By far the most common ridden ‘problem’ people have with their horses is getting them ‘in an outline’. This is a huge and controversial topic – even the term ‘in an outline’ is contentious! What I would like to address with this brief article is only one key component: relaxation. And specifically what we can learn about this from watching horses (and their close relatives) doing their own thing.
I suspect most of us have ridden horses that do giraffe impersonations… But why do they do this? Well let’s ask a giraffe what benefits having a long neck has!
There are really two major benefits to a giraffe’s long neck. One is of course the ability to reach leaves high up on trees. The other is more relevant to our question: a long neck helps spot predators.
Many animals will try to increase their height to look out for predators. This is no coincidence. Doing so increases how far around them they can see so they can spot threats sooner.
Horses and their wild relatives are no exception. When on high alert, tense zebras raise their heads, on the lookout for predators.
This reaction is instinctive and doesn’t have to be in response to a real predator. Any anxiety will result in tension and in this stance being adopted. If you have spent much time around nervous horses, you’ll have seen this response more than once. And one of the side-effects of this head/neck position is to cause the back to hollow.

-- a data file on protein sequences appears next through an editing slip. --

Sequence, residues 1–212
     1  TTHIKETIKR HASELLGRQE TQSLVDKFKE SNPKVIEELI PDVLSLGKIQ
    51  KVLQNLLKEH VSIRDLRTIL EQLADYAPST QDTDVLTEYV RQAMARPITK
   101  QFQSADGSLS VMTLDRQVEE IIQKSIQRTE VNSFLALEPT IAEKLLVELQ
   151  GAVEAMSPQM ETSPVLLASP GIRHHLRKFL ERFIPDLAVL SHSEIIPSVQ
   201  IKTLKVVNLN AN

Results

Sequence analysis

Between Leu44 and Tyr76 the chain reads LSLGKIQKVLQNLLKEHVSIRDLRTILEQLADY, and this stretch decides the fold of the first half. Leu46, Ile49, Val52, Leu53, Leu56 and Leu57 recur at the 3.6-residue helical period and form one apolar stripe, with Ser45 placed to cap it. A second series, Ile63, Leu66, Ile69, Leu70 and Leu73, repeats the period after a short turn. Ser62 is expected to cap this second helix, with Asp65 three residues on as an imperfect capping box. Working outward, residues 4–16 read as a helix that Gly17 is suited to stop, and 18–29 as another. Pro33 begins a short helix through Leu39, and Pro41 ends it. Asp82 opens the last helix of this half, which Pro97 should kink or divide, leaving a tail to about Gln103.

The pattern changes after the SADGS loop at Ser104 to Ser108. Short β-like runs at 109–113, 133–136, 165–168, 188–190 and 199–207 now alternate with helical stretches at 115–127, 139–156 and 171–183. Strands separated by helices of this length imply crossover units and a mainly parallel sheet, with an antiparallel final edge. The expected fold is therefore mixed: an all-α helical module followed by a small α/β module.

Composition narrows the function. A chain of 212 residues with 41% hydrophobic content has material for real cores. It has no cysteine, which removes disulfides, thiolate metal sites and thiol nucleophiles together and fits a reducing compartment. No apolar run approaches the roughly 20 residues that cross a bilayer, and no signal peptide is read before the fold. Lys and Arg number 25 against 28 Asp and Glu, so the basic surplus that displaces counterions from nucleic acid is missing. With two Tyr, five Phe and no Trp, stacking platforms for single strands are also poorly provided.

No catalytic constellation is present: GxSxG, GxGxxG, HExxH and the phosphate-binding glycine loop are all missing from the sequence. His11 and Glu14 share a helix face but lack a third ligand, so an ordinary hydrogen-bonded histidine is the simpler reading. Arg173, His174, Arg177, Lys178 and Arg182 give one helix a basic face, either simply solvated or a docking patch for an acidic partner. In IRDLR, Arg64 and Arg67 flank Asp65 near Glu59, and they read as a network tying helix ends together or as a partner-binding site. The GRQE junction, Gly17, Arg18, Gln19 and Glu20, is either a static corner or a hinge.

Now look at this relaxed zebra. This zebra is striding forward while grazing and stretching down for grass. The back is obviously rounded and the zebra’s stride is also really covering ground!
Even when zebras are not ‘on the alert’, they have a more hollow outline than a grazing zebra. This is because lowering the head to graze causes rounding over the back. Though this difference may seem subtle at first, it is an important one.
Of course for a true comparison, we’d want to look at the same individual in different positions. Thankfully, there is research on horses and the results are pretty clear: a high head carriage causes the spine to curve into a U-shape while a low head/neck carriage leads to a rounding of the back. Lowering of the head/neck thus results in larger intervertebral spaces, something which could guard against kissing spines and general back soreness. At the same time, when in motion a high head/neck or flexion behind the vertical impedes stride length.
So what does this mean for riders trying to get their horse into ‘an outline’? If we want to achieve a ‘true’ outline where the back is raised, we have to first of all work on having a relaxed horse under saddle. A tense horse will tend to raise their head high and hollow their back, which is not a good starting point. Once relaxed, a horse can be encouraged to stretch down, allowing the back to round. Over time as the horse develops physically, the horse can then be asked to raise the head/neck higher while keeping the back rounded, obtaining a true ‘outline’.
If you are finding it difficult to see some of these differences, don’t worry! It takes some time to train your eye but that is where having a knowledgeable pair of eyes on the ground comes in! It’s not enough to just look at the position of a horse’s head to figure out if they are on the way to working ‘in an outline’ so you have to learn to look at the whole picture. In fact, simply forcing a horse’s head down can ultimately backfire.